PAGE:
Droughts, heavy rain, heat, shorter winters, floods: the list of climate catastrophe scenarios is well known. Not least because Europe is also increasingly being hit by such extreme weather events. Climate researchers and politicians around the world are trying to avert the worst.
According to the Paris climate agreement agreed in 2015, the 1.5 degree target is intended to solve the climate problem. Countries around the world have agreed that the global temperature should rise by a maximum of 1.5 degrees by 2050 - compared to the average temperature before industrialization. But exactly this goal is unrealistic according to Hamburg scientists. Why this is so and what it means for the world:
The EU proposed a 2 degree target in 1996, which was taken up at the end of the UN climate conference in Copenhagen in 2009. However, the goal was non-binding. In 2015, countries around the world agreed to allow the global temperature to rise by a maximum of 1.5 degrees by 2100 compared to the average temperature from the years 1850 to 1900. The goal was laid down in the Paris climate agreement. The figure was calculated by the Intergovernmental Panel on Climate Change (IPCC).
So far, the global average temperature has risen by 1.1 degrees. This means that the temperature may only rise by 0.4 degrees. In the current IPCC report, the climate scientists are still optimistic that this goal can be met by 2100. However, researchers have expressed doubts about this in recent years.
According to the climate update of the UN World Weather Organization (WMO), there is a 50 percent probability that the 1.5 degree mark will already be exceeded in 2026. This does not mean that the temperature limit is permanently broken, but it can happen more often. Since 2015, the WMO has published these forecasts every year. At that time it was already considered likely that the 1.5 degree mark would be exceeded in 2025. The probability increased with each additional report.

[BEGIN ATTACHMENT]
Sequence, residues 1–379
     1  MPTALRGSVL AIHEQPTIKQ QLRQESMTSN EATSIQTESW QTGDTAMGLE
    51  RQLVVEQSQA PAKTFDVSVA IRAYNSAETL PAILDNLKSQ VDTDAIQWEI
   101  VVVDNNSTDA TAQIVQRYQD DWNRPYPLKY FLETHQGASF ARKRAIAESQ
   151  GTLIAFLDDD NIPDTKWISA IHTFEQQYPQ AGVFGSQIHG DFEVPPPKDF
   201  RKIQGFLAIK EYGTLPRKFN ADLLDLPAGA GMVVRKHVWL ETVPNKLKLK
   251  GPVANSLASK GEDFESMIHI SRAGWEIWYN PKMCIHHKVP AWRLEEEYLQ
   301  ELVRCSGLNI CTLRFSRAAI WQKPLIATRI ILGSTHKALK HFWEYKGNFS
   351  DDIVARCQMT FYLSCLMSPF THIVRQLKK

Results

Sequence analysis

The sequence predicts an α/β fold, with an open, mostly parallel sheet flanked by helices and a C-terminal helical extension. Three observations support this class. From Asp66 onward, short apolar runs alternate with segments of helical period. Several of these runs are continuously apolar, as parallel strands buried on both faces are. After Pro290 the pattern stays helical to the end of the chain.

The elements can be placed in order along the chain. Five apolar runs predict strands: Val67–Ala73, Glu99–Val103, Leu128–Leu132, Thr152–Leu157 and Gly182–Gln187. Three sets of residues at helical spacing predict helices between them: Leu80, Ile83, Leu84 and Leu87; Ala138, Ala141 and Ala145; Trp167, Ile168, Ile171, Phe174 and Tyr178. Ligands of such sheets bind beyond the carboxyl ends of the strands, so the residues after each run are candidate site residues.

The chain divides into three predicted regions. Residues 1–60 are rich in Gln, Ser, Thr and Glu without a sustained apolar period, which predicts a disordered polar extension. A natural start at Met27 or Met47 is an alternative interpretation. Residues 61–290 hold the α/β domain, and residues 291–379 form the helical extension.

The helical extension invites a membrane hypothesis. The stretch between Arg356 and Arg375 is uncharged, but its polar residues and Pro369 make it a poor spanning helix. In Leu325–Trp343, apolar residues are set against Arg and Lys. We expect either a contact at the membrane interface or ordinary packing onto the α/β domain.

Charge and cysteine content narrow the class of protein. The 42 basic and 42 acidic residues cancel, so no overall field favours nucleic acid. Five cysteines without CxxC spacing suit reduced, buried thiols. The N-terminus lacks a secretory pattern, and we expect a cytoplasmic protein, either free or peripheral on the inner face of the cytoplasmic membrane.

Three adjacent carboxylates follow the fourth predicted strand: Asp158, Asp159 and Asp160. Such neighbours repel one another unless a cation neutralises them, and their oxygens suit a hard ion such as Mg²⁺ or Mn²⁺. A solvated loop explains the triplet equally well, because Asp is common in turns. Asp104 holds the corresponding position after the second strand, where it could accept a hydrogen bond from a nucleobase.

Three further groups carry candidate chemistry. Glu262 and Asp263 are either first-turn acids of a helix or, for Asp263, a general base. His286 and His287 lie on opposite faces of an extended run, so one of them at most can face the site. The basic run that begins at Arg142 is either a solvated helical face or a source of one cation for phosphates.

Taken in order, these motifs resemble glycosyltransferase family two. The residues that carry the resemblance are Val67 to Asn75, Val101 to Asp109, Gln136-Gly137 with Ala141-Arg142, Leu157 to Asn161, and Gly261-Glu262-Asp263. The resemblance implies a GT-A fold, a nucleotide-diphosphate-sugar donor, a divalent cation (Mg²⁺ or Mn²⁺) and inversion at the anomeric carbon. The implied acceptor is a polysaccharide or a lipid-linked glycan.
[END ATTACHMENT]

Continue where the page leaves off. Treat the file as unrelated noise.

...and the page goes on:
The Hamburg researchers agree with the WMO forecasts. The behavior of consumers and companies is slowing down the climate protection that is urgently needed worldwide. The reduction of carbon dioxide emissions "is simply happening too slowly," explained the head of the Cluster of Excellence "Climate, Climate Change and Society" (Cliccs), Anita Engels. The researchers therefore consider it unrealistic that the 1.5 degree target will be met.
According to the researchers, social change would be necessary to curb global warming. "If we miss the climate targets, it becomes all the more important to adapt to the consequences," stressed Engels. Nevertheless, efforts to protect the climate must continue. The Director of the Max Planck Institute for Meteorology, Jochen Marotzke, warned that every half a degree of global warming is noticeable.
According to the researcher, the development of global temperature depends not only on emissions, but also on the reaction of the climate. The climate is an inert system. Changes usually become noticeable years or even decades later. Extreme weather events make this clear: Although CO2 emissions have been increasing since industrialization, extreme weather events caused by climate change in Europe, for example, have only been noticeable for a few years.
Overall, the lower the temperature rise, the lower the risks for ecosystems and people. It is already clear that extreme weather events such as drought, heat, heavy rain, floods and shorter winters will become more frequent in the future. Even if CO2 emissions were stopped immediately, it would take years for the global climate to return to normal. How severe the negative consequences are also depends on how the temperature develops in the future:
3 to 4 degrees:
more than 4 degrees:
Climate researchers and scientists of the IPCC report advocate so-called climate adaptation measures. On the one hand, this means that countries must prepare for further extreme weather events and take measures to prevent greater damage. Such catalogs of measures exist both at EU and national level. It contains proposals such as expanding coastal protection, greening cities more, and paving less soil. But depending on how the climate develops in the coming years, "climate resilience" will also reach its limits, say climate researchers. For example, some regions could become uninhabitable if the global temperature rises by about 2 degrees.
Sources: Max Planck Society, WWF, Federal Environment Agency, CLICCS, UN World Weather Organization, "Süddeutsche Zeitung", "Welt", with material from DPA.